This is a spoiler-free review.
John Krasinski, the original choice for Captain America, once known more for his part in the series, The Office, has quietly been accruing a versatile skill set under his belt.
First was the noteworthy turn of his transformation into a physical specimen as a Tier 1 operative in Michael Bay’s 13 Hours: the Secret Soldiers of Benghazi, going from comedic straight man to action player, to becoming the man who was the lucky bastard who married Emily Blunt in real life.
But now, after a couple of previous small projects, it may well be that John’s most accomplished hat is that of John Krasinski: Masterclass Director.
Coming in at a tight 90 minutes, A Quiet Place is a well placed, barb-wire wrapped baseball bat strike to the belly of well-crafted suspense, character, and well-earned drama.
The set up is simple. An alien invasion has rendered earth into a desolate place. In a small farming community, a husband and wife, use all their wits and knowledge to survive with their children in an environment where any sound slightly beyond that of a cough can mean swift and certain death.
The struggle between keeping routine and normality, in spite of incredible odds with savage and intelligent predators looming just one scream, or sneeze, or cutlery clink away is the razor wire tension that keeps A Quiet Place from overstaying its welcome.
I for one have never appreciated horror of the shock gore variety. I prefer my scares to be cerebral, where the rules of the game are set up in the onset and the suspense being about how the antagonists and protagonists change the dramatic arc by negotiating and out-maneuvering each other by the testing and strategy around those rules.
Think Tremors meets Signs, cross-pollinated with The Road.
While the acting is phenomenal across the board, and the directing from Krasinski is top notch, the real highlight in A Quiet Place is the masterful manipulation of sound design, music or lack thereof throughout the movie. The movie is truly light on dialogue, given how in the world set up here, that could very well be death.
That is not to say that communication isn’t happening. A lot transpires and is communicated through sign language, looks and non-verbal communication that speaks volumes. As we follow the family in the story, the character building is so well done that even though the children and parents may not always agree or see eye to eye with each other, their motivations are clear, and make sense.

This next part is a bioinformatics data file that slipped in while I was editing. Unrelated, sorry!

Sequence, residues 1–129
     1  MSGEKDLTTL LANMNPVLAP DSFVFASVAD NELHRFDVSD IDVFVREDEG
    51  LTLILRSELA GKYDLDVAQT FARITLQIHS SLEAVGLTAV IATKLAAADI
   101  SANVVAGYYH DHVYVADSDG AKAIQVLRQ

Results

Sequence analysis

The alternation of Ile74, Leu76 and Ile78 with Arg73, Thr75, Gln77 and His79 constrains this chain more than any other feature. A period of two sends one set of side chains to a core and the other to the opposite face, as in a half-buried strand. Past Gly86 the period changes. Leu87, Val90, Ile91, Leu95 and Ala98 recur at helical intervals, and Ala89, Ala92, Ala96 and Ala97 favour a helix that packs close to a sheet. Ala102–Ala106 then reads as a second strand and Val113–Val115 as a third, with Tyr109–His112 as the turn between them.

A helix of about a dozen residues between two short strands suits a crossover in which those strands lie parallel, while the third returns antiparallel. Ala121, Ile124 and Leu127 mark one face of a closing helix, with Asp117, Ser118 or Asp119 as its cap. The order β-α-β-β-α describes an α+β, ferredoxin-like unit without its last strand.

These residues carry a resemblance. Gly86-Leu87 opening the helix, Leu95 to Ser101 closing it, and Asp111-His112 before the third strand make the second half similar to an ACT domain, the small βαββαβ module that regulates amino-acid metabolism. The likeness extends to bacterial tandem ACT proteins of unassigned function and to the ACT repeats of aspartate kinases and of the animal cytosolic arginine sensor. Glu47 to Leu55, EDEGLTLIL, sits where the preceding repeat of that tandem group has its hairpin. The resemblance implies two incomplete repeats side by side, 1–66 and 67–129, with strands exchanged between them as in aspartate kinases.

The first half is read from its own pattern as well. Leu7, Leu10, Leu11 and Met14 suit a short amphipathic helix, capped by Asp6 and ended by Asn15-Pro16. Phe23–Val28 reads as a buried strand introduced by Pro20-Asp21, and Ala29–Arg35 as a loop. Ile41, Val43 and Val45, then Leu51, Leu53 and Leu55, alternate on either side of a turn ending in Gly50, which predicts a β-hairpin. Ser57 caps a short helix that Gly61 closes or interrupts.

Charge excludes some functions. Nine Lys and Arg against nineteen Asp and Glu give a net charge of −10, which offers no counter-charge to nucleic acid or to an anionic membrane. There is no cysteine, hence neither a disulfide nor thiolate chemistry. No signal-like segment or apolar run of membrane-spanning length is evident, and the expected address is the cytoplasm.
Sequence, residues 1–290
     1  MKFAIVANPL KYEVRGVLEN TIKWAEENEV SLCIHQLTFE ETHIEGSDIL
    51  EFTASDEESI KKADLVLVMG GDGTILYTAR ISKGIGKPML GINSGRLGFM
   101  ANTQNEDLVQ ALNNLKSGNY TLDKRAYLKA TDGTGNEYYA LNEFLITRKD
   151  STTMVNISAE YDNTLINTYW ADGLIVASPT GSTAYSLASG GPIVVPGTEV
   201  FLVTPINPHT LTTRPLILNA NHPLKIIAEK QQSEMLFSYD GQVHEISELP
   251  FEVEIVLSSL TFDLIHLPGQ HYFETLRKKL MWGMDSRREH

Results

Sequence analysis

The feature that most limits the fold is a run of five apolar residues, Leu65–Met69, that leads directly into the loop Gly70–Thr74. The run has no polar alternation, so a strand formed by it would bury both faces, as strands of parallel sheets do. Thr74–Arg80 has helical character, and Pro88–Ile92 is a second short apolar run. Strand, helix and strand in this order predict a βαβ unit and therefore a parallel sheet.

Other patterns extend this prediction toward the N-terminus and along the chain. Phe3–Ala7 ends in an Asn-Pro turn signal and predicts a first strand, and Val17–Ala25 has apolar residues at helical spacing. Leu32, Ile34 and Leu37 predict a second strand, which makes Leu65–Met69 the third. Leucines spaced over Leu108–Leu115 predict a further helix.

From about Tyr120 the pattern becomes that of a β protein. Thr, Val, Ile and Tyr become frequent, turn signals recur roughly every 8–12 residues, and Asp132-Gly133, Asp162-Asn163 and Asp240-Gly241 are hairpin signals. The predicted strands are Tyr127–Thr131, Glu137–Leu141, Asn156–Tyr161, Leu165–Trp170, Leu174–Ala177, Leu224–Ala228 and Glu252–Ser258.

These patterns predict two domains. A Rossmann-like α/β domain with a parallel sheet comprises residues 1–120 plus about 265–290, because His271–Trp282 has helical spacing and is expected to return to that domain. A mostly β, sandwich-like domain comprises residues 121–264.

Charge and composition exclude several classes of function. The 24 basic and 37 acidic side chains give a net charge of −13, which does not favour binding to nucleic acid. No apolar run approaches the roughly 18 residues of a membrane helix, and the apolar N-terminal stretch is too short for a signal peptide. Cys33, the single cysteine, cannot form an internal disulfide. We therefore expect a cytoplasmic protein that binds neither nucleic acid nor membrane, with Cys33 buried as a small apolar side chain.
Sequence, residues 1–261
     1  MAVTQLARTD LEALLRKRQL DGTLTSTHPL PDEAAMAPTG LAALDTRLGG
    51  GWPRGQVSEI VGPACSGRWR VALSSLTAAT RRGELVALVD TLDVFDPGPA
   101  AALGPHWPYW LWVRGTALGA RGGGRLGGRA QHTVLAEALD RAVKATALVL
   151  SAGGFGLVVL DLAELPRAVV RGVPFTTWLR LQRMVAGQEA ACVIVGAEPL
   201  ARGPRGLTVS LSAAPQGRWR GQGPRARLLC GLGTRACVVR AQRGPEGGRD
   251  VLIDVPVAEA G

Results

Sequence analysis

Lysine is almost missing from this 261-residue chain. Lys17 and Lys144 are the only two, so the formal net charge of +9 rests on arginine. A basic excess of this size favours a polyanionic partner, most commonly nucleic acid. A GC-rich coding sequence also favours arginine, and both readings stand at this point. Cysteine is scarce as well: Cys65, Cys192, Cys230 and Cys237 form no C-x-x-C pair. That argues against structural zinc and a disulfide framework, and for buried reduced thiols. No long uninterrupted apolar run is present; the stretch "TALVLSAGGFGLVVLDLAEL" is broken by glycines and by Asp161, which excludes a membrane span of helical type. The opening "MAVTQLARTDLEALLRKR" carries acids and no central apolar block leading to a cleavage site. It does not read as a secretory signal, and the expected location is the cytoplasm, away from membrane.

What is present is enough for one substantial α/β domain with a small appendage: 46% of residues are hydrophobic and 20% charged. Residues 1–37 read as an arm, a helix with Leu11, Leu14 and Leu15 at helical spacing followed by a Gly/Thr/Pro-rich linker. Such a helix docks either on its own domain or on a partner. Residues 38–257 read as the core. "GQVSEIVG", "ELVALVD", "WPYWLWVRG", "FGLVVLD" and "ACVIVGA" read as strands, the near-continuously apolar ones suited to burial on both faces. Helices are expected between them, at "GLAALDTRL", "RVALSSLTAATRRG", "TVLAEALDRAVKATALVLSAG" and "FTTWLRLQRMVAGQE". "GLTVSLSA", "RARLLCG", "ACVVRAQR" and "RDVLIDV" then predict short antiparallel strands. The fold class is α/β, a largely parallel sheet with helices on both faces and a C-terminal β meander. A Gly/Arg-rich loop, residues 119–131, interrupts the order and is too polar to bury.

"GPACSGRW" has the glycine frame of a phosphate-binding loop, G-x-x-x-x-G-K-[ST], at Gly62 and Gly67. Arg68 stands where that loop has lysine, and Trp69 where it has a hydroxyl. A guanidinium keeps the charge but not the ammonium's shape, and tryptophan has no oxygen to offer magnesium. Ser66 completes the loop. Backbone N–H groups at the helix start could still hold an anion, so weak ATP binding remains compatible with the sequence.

The best horror suspense, to me, are the ones where the characters you follow, are never ever stupid, and still face situations where they may not make it.
You know a movie works when you can’t see yourself in that position, being able to survive. Unlike say, The Walking Dead where you’d probably have a way to beat the rules of the world set out for you like a piece of cake. (my own zombie apocalypse plan – get a sailboat, live on the sea or on kelong, solar panels for electricity and ham radio for communication or Tinder hookups. Fish for food, evaporative still for fresh water).
Unlike an easy scenario, the world of A Quiet Place would be hell to live, where being conscious of how much noise you are creating is an enduring concern and vigilance is something you have consistently drum into your children at the risk of personality conflicts and frayed relationships.
Throw into the mix one of your children being fully deaf, and the threat of noise hunting monstrosities becomes even more dangerous and deadly and parenting becomes so much more complicated.
It can’t be overstated enough how well crafted the setup is with the running time that the movie actually is. All the elements and foreshadowing seed so well and pay off later.
The smallest of gripes would be that the story does have very minor plot holes, but nothing which would obviously detract from the narrative at hand.
The movie also doesn’t go overboard with cheap jump scares, choosing instead to ratchet tension using the eerie silence of what would normally be sound filled moments of normal family life. The devil is also in the details with the various adjustments the family makes to common household items to just make otherwise normal activities not become death traps.
Dinner plates and cutlery here mean death. Electronic alarms mean death. Car engines mean death. Laughter means death.
For that reason, Geek Culture recommends you do not pick a cinema for this film where people cannot be quiet. Many may find this film is almost too quiet, where any stray phone or smart-aleck movie commenter will absolutely ruin the experience for you. But it is certainly a requirement to respect for the show, which will reward you by the end with some well-earned scares, shudders and emotional hammer blows.
A Quiet Place was a breath of fresh air for the horror-suspense genre. And when it’s all over, the breath of exhalation and release feels so good.
GEEK REVIEW SCORE
Hats off to Krasinski. A Quiet Place is a noteworthy addition to the creature feature genre with enough heart, smarts and scares to make it worth a trip to the cinema. Great writing and directing, John!